The Basics to a PCS!

The Basics.

Knowing the basic information to anything is key to later mastering it. And it works the same way when it comes to having a truly successful PCS! So let’s start off *A Month of PCS* with some general questions! Ready. Set. GO!

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PCS stands for Permanent Change of Station. An even easier way to think of a PCS is simply a Duty Station change.

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As soon as your spouse receives their official PCS orders to your new duty station, don’t start packing yet! There is still a lot to get organized at the beginning stages and packing will confuse you in the long run!

Some things you can do after receiving official orders include:

  • jblmwivesFind your Spouse’s Duty Station Page on Facebook. For instance, Fort Lewis has a Fort Lewis Military Wives Facebook Page. This gave me a great start in figuring out the areas to look at moving to and the areas to stay away from!
  • If you live on or off post, make sure to give the housing office or landlord notification of your move. *Official orders have the date in which your active duty spouse has to report – you will want to use that date as a rule of thumb when deciding when to move out*
  • Be Proactive. Start looking at the different routes you can use when driving to your new duty station. If you have children, consider making a couple of stops at landmarks to make the drive easier!

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moving boxPCSs costs vary. If you’re moving from Florida to Washington, it obviously will cost more than Nevada to Washington. Something to keep in mind is whether you will do a Full DITY (Do-It-Yourself) Move, Partial DITY Move or let the military move you. *I’ll go over these different options during Week 3!

Also, another thing to keep in mind during a PCS Move is that you will be spending money out of pocket at first. It’s inevitable  So plan ahead. Create a savings account to keep $1000 to $1500 in specifically for PCSs. That should cover any food, gasoline and hotel costs during your move.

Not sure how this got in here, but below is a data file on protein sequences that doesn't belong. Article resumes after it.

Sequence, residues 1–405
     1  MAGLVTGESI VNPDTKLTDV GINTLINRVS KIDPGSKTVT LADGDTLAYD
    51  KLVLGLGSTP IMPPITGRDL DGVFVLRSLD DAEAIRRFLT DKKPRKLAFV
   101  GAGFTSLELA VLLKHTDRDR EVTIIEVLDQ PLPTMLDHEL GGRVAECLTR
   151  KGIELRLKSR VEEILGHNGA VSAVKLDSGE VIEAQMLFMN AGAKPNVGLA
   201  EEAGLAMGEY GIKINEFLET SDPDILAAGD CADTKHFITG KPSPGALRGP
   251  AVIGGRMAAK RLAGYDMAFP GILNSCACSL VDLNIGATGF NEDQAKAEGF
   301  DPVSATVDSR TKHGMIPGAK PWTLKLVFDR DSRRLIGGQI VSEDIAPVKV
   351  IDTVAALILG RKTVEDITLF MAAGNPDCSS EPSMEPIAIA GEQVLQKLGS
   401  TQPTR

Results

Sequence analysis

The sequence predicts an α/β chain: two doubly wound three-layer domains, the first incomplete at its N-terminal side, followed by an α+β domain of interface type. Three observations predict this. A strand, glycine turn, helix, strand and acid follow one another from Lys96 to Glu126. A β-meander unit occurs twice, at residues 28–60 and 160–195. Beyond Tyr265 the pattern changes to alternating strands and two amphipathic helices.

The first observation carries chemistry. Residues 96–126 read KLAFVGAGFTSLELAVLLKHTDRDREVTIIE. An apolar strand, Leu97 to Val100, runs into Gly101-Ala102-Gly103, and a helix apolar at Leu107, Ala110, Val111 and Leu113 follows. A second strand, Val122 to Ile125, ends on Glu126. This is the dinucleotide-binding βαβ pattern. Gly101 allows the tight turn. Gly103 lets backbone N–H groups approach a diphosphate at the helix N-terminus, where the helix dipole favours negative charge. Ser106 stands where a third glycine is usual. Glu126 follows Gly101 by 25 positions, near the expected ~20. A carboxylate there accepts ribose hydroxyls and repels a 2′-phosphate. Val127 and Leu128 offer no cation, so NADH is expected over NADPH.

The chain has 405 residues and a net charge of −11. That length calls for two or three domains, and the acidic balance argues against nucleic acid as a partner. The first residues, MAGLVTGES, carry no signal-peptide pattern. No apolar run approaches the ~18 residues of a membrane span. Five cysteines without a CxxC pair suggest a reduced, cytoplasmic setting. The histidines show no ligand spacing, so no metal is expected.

Don’t worry about losing that money! Once at your new station, your spouse will file paperwork to be reimbursed for any spending. *There are spending limits – so no, that doesn’t mean you get to eat lobster every night during your move!

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No – Do not be worried at all! And don’t always listen to what you read on the Internet. I’ve found that most spouses that go to the Internet to write opinions usually are bitter over something.

So, be and stay positive! Moving can be stressful – you are moving away from family, friends and all of the things you know. Think of this as an adventure, because that’s all life is. Life’s an adventure!

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As Shakira says on The Voice, “This is a Toughie One.” As a new military spouse, you will most likely run into this situation. And pulling from my experiences and experiences of other newbie Army wives, you will want to try and jump into planning the move right away.

This is where you need to slam on your breaks and reconsider all of the info you have.

Most likely your spouse was told simply where he or she will be stationed, meaning they don’t have their official orders in hand – Official orders typically aren’t given to the soldier till the final stage of AIT or OSUT.

Now you may ask why do you need the official orders to get started and it’s quite simple on a couple of different levels:

  1. Nothing is 100% certain until you have it typed out, in hand, on the Official orders. 
  2. If you are applying to On Post housing, most bases will prevent you from applying unless you have your Official Orders sent or faxed to them.